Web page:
Arkansas Movie Review! JM Says it’s an “excruciating experience despite a compelling cast.”

Don’t do it. Avoid “Arkansas” at all costs. Clark Duke’s directorial debut is an excruciating experience despite a compelling cast.

Deep in the South, the Dixie Mafia rules the land filled with despicable degenerates and drug dealers. Allegiances aren’t aligned in families like in the Cosa Nostra or drug cartels, but loose affiliations with scumbags and skeezy people trying to make a buck any which way they can. For the past three decades, Frog (Vince Vaughn), has built an empire out of Arkansas, but his world is about to change when two low-level employees Kyle (Liam Hemsworth) and Swin (Clark Duke), whom he has never met, make a series of mistakes.

Over the past few years we’ve had some intriguing directorial debuts from actors, but sadly Clark Duke doesn’t hit the target. Being a producer, co-writer, co-star and director derailed Duke with him having too much on his plate. “Arkansas” absolutely misses the mark and leaves you with more questions than answers about the storyline/structure. This crime drama/thriller has its moments, but the unevenness seems like a series of vignettes maligned by poor storytelling broken down by chapters, questionable flashbacks and dubious casting choices starting with its director in a prominent role.

Liam Hemsworth fits fantastically as the lead Luke, fully immersing himself into the mindset of the character. Truthfully, I wish he was provided more opportunities and if this were the 1970s, Hemsworth would wonderfully fit in the classic exploitation, southern Gothic and niche dramas of yesteryear with this characterization. The same can be said about Vince Vaughn, who has slowly reinvented himself as a conniving, convincing character actor. Truth be told, when he’s onscreen, Vaughn takes over the film and dominates the storyline both figuratively and literally with his character. The film focuses on weaving two parallel narratives together before forming fully, but the biggest hinderance is the tone of the stories and characters, which leads me back to Clarke Duke.
Filmmakers Mike Binder and Jon Favreau are probably the closest with what Duke was trying to accomplish as writer, co-star, producer and director. However, both Binder and Favreau have learned they’re better behind the camera with their talents fully realized. Unlike, Joel Edgerton (“Boy Erased” and “The Gift”), the late Terry Jones (the “Monty Python’s The Life of Brian” & “Monty Python’s The Meaning of Life” and co-directed “Monty Python and The Holy Grail”) and
George Clooney (“Confessions of a Dangerous Mind,” “Good Night, and Good Luck,” and “The Ides of March”) who balance directing and acting in supporting roles, Duke’s decision to play one of the larger parts immensely interrupts the flow. It’s as though Duke took his “Hot Tub Time Machine” character, made him a hipster with a trashy Floridian vibe (despite the character being from Kentucky), dresses him in vibrant colored clothes (eerily similar to standing out in Coachella/Silver Lake/Miami) and has him “rock” a manbun. Immediately from the get go, he’s a disastrous douchey character both by looks and mannerisms, who is a smarmy smartass. Duke doesn’t fit in at all, but he’s not the only one.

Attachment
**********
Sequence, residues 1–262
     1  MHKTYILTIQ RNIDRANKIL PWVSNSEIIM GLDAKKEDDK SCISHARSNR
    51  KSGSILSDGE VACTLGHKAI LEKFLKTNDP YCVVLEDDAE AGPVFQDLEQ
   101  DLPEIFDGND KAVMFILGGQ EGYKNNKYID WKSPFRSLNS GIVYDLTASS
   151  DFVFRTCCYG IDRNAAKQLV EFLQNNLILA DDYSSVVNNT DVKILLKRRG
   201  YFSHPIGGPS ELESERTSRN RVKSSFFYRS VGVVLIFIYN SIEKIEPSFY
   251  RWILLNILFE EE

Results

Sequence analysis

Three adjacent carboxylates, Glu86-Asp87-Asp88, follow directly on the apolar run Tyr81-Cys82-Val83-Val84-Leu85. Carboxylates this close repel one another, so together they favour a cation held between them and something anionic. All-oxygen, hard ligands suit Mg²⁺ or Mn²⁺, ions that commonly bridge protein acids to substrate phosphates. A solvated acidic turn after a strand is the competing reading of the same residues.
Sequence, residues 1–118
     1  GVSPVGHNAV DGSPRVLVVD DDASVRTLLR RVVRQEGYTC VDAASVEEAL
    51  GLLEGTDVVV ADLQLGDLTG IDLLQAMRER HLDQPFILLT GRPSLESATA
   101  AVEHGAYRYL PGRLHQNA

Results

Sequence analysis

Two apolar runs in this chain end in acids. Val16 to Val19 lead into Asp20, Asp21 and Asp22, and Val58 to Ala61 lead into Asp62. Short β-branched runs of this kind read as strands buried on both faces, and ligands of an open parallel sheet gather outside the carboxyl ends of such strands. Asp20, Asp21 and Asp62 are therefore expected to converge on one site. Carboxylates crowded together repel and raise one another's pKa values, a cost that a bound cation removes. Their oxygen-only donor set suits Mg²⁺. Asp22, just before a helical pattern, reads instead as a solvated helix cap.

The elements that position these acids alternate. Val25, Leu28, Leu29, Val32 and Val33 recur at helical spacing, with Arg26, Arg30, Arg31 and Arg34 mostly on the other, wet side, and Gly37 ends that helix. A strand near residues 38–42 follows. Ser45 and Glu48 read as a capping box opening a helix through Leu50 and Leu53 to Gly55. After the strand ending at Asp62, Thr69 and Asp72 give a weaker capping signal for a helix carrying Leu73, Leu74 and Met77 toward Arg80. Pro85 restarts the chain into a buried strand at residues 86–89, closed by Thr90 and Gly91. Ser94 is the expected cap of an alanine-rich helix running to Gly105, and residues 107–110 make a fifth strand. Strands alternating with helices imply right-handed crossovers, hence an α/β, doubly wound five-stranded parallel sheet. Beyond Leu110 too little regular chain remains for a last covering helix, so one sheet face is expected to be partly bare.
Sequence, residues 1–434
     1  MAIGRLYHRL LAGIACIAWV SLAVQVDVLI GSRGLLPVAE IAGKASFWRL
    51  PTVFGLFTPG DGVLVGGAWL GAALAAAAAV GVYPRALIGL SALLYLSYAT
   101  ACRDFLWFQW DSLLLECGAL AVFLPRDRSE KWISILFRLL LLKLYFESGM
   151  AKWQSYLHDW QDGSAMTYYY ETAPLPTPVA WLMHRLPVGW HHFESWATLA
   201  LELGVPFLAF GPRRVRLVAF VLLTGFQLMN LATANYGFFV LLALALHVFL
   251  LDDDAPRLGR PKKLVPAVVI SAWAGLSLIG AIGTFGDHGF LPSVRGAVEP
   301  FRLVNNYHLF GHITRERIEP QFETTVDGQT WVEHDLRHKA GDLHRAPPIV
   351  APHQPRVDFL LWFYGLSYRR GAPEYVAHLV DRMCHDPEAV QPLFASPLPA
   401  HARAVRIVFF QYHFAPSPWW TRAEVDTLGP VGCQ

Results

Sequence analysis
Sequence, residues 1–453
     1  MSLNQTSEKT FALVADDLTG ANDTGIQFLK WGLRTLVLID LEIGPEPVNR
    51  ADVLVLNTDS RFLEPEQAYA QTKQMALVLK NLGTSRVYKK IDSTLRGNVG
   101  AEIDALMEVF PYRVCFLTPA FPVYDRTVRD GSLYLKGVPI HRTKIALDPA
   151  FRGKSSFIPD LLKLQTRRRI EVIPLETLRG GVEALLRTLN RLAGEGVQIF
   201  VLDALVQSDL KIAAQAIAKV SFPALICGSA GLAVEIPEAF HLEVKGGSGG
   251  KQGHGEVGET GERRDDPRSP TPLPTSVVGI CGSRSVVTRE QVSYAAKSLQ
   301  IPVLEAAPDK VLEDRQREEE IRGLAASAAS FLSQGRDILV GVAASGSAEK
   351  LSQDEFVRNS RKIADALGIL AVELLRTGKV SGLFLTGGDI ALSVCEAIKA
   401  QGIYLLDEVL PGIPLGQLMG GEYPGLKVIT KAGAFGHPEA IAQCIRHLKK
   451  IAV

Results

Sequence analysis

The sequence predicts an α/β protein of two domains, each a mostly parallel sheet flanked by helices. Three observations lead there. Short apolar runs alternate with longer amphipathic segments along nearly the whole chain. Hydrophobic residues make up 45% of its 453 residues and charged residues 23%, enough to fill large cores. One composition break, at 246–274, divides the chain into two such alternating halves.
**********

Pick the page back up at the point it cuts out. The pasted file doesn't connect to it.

Despite a cool cast with Liam Hemsworth, John Malkovich, Vince Vaughn, Vivica A. Fox, Michael Kenneth Williams, Eden Brolin, Brad William Henke and Jeff Chase, the mismanaged movie fumbles forming no likeable characters you can fully appreciate. Vaughn and Malkovich certainly capture your attention playing interesting characters, but beyond that the majority of the time you’re struggling for some sort of connection and someone to root for the entire time. There are glimmers of hope like when Frog is officially introduced or the Twins (Brad William Henke and Jeff Chase), but it’s a tease. I rather see those complete storylines shown instead. The filmmakers forced a Quentin Tarantino and Elmore Leonard-like storyline trying to intertwine interesting narratives together, but failed to recognize the unevenness.
“Arkansas” had the potential to be a fun film reminiscent of the 1970s and 1990s crime-drama thrillers, but beyond conceptually couldn’t capture the necessary balance of intrigue and sustainable interest. For the first time in a long time I found myself saying aloud, “When is this going to get interesting,” “How much longer is this going to be” and to quote my dad’s all-time favorite sight gag (from “Freddy Got Fingered”), “WHEN THE F*** IS THIS MOVIE GOING TO END?” Throughout the entire film, characters are briefly introduced as though to move plot devices without anything substantial beyond moving the scene along and quickly disappear. Sadly, this reoccurring madness is one of the rare consistencies in the film. There were glimmers of hope, but “Arkansas” might have been better done as a buddy movie with aspects of crime, comedy and drama like “Midnight Run,” “48 Hours” and “Stakeout.” In the end it’s a jumbled mess, but contains a stellar soundtrack by Devendra Banhart with a cool cameo from Flaming Lips singer Wayne Coyne. Arkansas might be one of the last natural states around with the Ozarks running through it, but the film “Arkansas” is an excruciating experience for two hours. This is one film you want to swerve and avoid unless you need to kill two hours. The state motto for Arkansas is “Regnat Populus,” which is Latin for “the people rule.” However, Clark Duke should embrace this Latin phrase and remember “Qui totum vult totum perdit,” which translates to “He who wants everything loses everything.” Next time, just stick to behind the screen or acting, not both.

1 out of 4 stars

Available on DVD, Blu-ray and streaming starting May 5, 2020.

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